Advertisers can collect first-party data from users in apps and on websites and send conversions back to Facebook using server-to-server methods, such as the Conversion API for e-commerce websites.
This notion is addressed in this article (Apple has stated clearly that emails can’t be used for ad-targeting), this article (fingerprinting is unlikely to be a viable tracking tool post-ATT), and in this Twitter thread. The broader idea is that Apple expects advertisers and developers to conform to the spirit of ATT, which is that any data collected for the purposes of ad tracking — not just the IDFA — is governed by the ATT consent opt-in. It seems unlikely that top tier ad networks will build mechanisms for defying this directive, and advertisers should be very careful with risking their ability to publish their apps to the App Store by exploiting potential loopholes in the ATT guidelines.
Mobile web ad campaigns (app-to-web) are far less impacted by ATT than mobile app campaigns (app-to-app).
The most important revelation to come out of the new guidance that Facebook issued to advertisers last month was that the ATT prompt would govern app-to-web campaigns. This had not previously been the prevailing understanding of ATT: most thought that ATT would only apply to app-to-app campaigns. But what was also uncovered in Facebook’s guidance around app-to-web campaigns was that Facebook would introduce a new measurement methodology called Aggregated Event Measurement which would aggregate advertising performance data at the level of the campaign.
Unpacking Facebook’s guidance further, the treatment they are applying to app-to-web campaigns seems to emulate the SKAdNetwork framework: a limited number of events are available to advertisers, of which only the highest value is transmitted in a postback, and the default attribution window has been reduced to 7-day click-through (from 28-day click-through). I walk through what these changes mean in this Twitter thread, but given the parity between web and app advertising which Facebook has ostensibly struck, it seems unlikely that performance will differ meaningfully between those two classes of campaign types.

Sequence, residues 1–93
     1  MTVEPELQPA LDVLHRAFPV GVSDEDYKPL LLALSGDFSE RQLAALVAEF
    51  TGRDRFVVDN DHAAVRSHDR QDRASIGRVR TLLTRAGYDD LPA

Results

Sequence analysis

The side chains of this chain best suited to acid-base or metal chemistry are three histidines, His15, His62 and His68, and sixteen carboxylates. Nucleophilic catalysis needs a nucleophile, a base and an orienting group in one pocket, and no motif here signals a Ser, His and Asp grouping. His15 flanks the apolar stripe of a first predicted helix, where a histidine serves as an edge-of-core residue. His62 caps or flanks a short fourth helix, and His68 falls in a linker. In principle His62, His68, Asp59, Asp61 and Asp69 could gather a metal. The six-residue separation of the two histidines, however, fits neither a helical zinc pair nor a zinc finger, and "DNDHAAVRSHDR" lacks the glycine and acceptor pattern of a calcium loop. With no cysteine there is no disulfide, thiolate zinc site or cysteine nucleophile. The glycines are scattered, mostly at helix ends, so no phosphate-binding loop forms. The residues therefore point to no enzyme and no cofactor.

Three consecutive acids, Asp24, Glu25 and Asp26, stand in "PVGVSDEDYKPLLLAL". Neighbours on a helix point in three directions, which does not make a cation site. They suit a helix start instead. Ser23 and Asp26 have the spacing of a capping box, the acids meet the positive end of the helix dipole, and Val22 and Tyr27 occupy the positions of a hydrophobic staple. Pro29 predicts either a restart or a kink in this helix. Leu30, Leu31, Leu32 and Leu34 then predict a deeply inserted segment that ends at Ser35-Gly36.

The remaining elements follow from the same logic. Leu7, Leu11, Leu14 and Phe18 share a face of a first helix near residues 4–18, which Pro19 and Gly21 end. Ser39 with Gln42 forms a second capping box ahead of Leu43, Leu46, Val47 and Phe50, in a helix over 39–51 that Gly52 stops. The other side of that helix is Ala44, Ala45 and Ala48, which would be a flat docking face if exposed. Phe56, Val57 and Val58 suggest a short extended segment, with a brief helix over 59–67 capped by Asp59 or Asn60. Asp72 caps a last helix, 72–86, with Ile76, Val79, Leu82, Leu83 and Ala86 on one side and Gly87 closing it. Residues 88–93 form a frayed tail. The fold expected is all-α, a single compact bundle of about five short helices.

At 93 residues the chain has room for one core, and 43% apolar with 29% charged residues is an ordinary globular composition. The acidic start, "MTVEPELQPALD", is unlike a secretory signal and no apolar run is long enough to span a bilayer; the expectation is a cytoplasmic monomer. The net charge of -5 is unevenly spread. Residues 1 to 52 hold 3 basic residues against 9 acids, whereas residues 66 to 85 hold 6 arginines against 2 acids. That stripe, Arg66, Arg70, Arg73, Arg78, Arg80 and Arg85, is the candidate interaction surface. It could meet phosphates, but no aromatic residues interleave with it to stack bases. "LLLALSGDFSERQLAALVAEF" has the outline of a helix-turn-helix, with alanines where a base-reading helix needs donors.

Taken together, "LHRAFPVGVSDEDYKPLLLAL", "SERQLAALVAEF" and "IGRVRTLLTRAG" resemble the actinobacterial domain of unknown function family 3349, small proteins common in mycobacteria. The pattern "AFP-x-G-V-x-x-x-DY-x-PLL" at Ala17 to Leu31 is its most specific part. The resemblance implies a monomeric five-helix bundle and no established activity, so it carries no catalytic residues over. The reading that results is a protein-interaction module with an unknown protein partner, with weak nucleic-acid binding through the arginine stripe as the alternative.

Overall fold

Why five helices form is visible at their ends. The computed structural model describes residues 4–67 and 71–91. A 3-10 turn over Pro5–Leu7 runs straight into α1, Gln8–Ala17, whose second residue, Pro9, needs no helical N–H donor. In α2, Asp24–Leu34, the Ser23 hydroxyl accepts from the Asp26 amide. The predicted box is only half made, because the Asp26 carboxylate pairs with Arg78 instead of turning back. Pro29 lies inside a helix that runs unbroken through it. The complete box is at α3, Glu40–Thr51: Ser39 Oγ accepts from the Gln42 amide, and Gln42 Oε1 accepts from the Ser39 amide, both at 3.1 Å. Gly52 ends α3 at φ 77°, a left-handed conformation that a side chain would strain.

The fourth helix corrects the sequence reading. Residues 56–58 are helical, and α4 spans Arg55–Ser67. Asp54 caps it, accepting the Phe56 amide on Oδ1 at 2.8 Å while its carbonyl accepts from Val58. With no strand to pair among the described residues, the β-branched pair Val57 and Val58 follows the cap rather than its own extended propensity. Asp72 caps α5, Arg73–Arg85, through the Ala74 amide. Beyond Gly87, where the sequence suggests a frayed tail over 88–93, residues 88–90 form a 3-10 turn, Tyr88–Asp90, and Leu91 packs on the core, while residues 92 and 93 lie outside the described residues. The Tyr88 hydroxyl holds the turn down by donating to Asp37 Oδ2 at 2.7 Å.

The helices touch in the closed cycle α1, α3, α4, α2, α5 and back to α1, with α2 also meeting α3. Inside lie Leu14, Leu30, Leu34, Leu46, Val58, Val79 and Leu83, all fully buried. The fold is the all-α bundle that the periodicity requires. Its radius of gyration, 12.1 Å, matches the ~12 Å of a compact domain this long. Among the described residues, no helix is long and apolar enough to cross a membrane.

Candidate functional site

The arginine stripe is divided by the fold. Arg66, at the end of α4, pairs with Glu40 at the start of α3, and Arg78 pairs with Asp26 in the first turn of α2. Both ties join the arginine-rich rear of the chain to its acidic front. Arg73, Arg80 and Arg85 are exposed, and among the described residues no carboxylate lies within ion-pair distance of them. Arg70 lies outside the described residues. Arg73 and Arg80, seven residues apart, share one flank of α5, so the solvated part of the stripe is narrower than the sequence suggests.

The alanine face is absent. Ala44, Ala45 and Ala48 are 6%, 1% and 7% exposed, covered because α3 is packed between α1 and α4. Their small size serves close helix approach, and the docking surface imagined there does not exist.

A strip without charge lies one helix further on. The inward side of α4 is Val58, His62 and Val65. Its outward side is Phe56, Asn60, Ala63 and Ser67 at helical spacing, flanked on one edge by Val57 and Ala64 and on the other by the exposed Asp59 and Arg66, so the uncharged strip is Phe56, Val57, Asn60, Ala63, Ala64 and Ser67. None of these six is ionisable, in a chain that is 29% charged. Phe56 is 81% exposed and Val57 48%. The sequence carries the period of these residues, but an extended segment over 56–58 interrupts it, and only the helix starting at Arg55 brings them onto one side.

One idea I’ve seen circulated regarding any drop in efficiency is that a decrease in CPM will simply activate the market mechanics of the auction: when CPMs drop because some advertisers reduce spend, other advertisers will enter or increase their activity in the market at these lower prices, driving CPMs back up. This may be true to some extent, especially since many advertisers will pull spend back at the onset of ATT simply because they need time to re-calibrate their ad spend ROI models given the fundamental change in targeting.
I have accommodated for this in the Efficiency and Price Recovery assumption, but a general pullback for the purposes of collecting data won’t be the only reason spending will decrease. The dynamics of targeted ads are such that some advertisers can only deploy ad budget when they are able to target specific user segments, and those advertisers may experience a sustained reduction in spend potential.
This group of advertisers — many app publishers, D2C brands, and eCommerce companies — might need to institute a permanent step-change reduction in ad spend when Facebook can no longer target relevant spenders on their behalf (I explore this idea in more detail in this post and in this analysis of which verticals suffer most from ATT).
In other words: a slight drop in ad efficiency will result in these businesses dramatically reducing ad spend. Note that eCommerce was the largest single advertising vertical for Facebook in Q3 2020:
The disproportionality of CPM prices to advertising activity based on ad targeting means that a slight decrease in ad efficiency (which creates a slight decrease in CPM prices) can cause a dramatic decrease in ad spend for certain businesses that rely on that targeting. The advertisers that are already targeting broadly can increase their ad spend commensurate with a CPM decrease, but the advertisers that require granular targeting in order to efficiently deploy budget will drastically reduce spend or leave the market altogether.
That said, the “bull case” for Facebook, even in light of the looming ATT framework (or perhaps because of it), seems to be a rallying cry championed by investors, ad tech executives, and advertisers alike on Twitter and elsewhere. I believe that a long-term bull case does exist for Facebook related to the thesis of my three-part series on the future of mobile content platforms. Facebook is likely to accelerate its strategy of subsuming more consumer interactions into its apps, such as with Instant Games, Instant Articles, Facebook Video, Facebook Shop, and Instagram Shopping, etc.
But the arc of that paradigm shift is long, and this adaptation will progress over a protracted timeline. Very little evidence exists, from my perspective, to support the notion that Facebook’s revenue will not be materially undermined by ATT in the short term. This article serves as an attempt to appraise that impact.
Disclaimer: the author holds long positions in Facebook